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Coalition of amici urges Supreme Court review in FIRE lawsuit at University of South Carolina

Students Michael Kriete and Ross Abbott were questioned by USC administrators from the equal opportunity office over their display on campus censorship that some students found "triggering."

Last week, a broad coalition of organizations and several law school First Amendment clinics filed amici curiae briefs urging the Supreme Court of the United States to hear Abbott v. Pastides, a FIRE-sponsored lawsuit challenging the University of South Carolina’s investigation of student groups for holding a free speech event on campus. The case is part of FIRE’s Stand Up For Speech Litigation Project.   

The plaintiffs — a former USC student and two student organizations — filed a petition for writ of certiorari in November, asking the Supreme Court to review a disappointing decision by the U.S. Court of Appeals for the Fourth Circuit upholding the dismissal of their lawsuit.

The case originated in late 2015, when the USC College Libertarians and Young Americans for Liberty chapters held an outdoor free speech event displaying posters featuring incidents of censorship on other campuses. After USC received three complaints that the event was offensive, the student organizer received a letter labeled a “Notice of Charge,” summoning him to a meeting with the administration two weeks later and forbidding him from discussing it with others. He waited a further two weeks before finally learning that he and the student groups would not be charged with violating the college’s policy against discrimination and harassment.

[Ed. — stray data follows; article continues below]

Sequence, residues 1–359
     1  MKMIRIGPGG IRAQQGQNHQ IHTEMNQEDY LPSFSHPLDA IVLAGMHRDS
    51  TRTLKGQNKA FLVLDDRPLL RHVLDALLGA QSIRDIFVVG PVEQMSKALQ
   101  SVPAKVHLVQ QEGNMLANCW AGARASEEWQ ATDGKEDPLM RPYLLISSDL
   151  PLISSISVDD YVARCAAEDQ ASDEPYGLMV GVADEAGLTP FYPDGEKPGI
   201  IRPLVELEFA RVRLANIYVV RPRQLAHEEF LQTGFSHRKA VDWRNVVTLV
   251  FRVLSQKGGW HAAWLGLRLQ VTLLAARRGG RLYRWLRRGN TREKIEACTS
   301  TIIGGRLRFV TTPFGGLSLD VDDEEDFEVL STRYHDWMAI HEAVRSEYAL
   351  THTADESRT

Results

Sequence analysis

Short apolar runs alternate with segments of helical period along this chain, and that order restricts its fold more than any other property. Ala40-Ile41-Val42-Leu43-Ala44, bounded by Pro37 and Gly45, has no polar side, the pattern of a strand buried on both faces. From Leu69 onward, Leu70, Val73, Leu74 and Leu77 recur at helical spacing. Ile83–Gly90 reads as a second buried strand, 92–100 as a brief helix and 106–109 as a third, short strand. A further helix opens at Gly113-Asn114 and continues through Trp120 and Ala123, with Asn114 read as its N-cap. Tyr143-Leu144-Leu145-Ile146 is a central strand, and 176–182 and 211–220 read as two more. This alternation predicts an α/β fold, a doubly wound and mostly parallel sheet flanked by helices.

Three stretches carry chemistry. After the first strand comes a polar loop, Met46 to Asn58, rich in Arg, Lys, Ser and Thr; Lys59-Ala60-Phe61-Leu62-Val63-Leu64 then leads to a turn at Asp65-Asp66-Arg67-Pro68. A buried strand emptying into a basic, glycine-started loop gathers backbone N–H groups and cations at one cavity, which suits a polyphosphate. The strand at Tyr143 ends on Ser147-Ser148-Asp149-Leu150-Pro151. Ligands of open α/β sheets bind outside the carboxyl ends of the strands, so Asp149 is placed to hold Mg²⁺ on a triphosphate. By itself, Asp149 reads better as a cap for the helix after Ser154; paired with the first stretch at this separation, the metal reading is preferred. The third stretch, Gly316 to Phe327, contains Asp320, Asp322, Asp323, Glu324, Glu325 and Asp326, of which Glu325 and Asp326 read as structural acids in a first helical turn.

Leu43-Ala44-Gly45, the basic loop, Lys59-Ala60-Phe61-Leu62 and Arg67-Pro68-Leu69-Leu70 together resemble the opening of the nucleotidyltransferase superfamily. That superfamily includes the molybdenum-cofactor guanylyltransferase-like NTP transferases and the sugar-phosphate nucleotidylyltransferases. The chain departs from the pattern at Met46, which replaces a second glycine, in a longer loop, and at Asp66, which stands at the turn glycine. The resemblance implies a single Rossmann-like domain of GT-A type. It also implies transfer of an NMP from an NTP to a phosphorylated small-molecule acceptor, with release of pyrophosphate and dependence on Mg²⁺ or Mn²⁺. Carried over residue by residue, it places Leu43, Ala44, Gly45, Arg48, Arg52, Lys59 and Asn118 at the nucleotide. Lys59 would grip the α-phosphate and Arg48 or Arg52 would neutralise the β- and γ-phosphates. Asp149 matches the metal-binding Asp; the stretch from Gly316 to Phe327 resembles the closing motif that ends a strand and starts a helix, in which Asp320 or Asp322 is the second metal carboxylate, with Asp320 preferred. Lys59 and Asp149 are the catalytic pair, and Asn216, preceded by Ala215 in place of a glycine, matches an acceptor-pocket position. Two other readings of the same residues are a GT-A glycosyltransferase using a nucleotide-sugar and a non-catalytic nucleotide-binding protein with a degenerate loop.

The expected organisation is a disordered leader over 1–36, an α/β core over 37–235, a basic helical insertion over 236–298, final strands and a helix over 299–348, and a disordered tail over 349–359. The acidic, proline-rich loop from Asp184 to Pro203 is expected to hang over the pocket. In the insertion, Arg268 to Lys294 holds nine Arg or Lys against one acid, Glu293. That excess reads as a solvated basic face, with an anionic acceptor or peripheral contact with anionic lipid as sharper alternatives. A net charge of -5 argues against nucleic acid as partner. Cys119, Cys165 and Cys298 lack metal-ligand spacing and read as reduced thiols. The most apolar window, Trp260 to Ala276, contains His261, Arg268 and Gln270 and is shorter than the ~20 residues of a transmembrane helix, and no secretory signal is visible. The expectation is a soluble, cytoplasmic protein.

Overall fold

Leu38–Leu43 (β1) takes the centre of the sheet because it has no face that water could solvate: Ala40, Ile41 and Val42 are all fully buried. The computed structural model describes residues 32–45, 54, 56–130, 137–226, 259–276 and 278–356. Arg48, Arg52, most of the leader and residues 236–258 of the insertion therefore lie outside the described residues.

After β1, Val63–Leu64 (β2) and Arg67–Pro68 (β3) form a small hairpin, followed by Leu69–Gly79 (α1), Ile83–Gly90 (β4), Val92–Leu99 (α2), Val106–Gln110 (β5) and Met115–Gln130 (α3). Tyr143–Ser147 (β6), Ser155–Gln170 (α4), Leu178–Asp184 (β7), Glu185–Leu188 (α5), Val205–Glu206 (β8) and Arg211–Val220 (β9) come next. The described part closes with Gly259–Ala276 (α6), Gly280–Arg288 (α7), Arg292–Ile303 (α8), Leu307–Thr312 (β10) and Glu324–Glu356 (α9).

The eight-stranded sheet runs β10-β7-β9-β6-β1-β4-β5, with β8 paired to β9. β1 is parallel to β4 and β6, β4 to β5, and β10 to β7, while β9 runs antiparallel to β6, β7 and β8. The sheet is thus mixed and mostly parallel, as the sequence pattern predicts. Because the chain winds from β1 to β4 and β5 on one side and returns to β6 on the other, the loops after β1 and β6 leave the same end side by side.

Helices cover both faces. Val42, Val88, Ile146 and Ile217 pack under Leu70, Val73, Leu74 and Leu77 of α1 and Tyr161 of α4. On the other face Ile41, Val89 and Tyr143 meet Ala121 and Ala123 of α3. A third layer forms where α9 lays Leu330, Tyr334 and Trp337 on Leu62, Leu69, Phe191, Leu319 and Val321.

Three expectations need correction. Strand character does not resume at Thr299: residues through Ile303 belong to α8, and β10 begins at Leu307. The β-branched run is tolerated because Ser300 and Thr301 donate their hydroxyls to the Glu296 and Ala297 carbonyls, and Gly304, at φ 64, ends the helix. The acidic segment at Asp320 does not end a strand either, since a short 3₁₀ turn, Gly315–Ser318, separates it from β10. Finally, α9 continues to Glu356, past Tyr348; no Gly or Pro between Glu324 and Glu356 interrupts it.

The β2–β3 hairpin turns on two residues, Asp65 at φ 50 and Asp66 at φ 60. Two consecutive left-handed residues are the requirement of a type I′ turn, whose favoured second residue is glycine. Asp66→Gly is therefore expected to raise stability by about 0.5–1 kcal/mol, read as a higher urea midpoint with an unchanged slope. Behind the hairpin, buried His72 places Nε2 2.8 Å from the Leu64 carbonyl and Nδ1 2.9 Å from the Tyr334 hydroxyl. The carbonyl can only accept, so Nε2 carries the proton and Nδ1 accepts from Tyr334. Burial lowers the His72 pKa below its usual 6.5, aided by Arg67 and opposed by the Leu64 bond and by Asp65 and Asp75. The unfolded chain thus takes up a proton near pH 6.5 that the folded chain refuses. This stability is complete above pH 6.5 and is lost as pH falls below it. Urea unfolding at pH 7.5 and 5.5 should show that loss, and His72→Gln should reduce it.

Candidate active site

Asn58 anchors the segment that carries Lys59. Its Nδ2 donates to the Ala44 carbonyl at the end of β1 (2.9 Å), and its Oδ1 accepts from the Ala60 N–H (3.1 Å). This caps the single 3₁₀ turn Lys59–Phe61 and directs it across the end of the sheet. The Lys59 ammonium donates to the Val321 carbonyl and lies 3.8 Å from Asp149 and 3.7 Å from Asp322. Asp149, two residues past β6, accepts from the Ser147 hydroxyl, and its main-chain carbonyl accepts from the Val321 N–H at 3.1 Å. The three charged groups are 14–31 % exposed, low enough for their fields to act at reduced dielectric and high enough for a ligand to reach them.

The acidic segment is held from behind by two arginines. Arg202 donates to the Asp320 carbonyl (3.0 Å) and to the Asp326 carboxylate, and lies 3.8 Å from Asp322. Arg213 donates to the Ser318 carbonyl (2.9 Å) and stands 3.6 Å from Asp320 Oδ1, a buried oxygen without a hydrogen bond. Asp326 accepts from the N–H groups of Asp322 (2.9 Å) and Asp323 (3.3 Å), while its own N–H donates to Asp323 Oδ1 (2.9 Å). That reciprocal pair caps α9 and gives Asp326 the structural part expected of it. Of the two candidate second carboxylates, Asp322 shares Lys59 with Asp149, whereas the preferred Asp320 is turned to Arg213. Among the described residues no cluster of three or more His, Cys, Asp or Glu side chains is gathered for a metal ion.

In August, the Fourth Circuit ruled that USC’s investigation did not violate the plaintiffs’ First Amendment rights and that they lacked standing to challenge the policy under which they were investigated. Taking a “no harm, no foul” approach, the court reasoned that USC’s investigation of the complaints was appropriate — even though it did chill plaintiffs’ speech — and a student of “ordinary firmness” would not be deterred from holding similar events in the future.

Now, a number of amici curiae have joined plaintiffs in urging the Supreme Court to uphold student speech rights and tell the Fourth Circuit that it got its First Amendment analysis wrong. The ACLU of South Carolina, DKT Liberty Project, the Cato Institute, and Reason Foundation united to file an amicus brief powerfully illustrating the “systematic adoption of sweeping speech codes that contradict the court’s basic First Amendment jurisprudence” at campuses nationwide, which are regularly invoked to investigate protected speech.

The First Amendment Clinics at Duke Law School and Arizona State University’s Sandra Day O’Connor College of Law filed a second amicus brief. The student clinics skillfully outline the need for the high court’s intervention to safeguard students’ constitutional right to free speech, consistently upheld by the Supreme Court for decades. That right, they explain, risks being swallowed by overbroad speech codes that are too often enforced via procedures that fail to screen out complaints about protected speech, leaving no safe harbor from investigation for anyone’s speech if there is anyone who doesn’t like it.

We hope that amici’s excellent arguments help the Supreme Court better understand the Fourth Circuit’s decision in the context of the nationwide prevalence of campus speech codes and the chilling effect inherent in investigations of protected speech. And we hope to soon be able to report that the court has agreed to hear Abbott v. Pastides.

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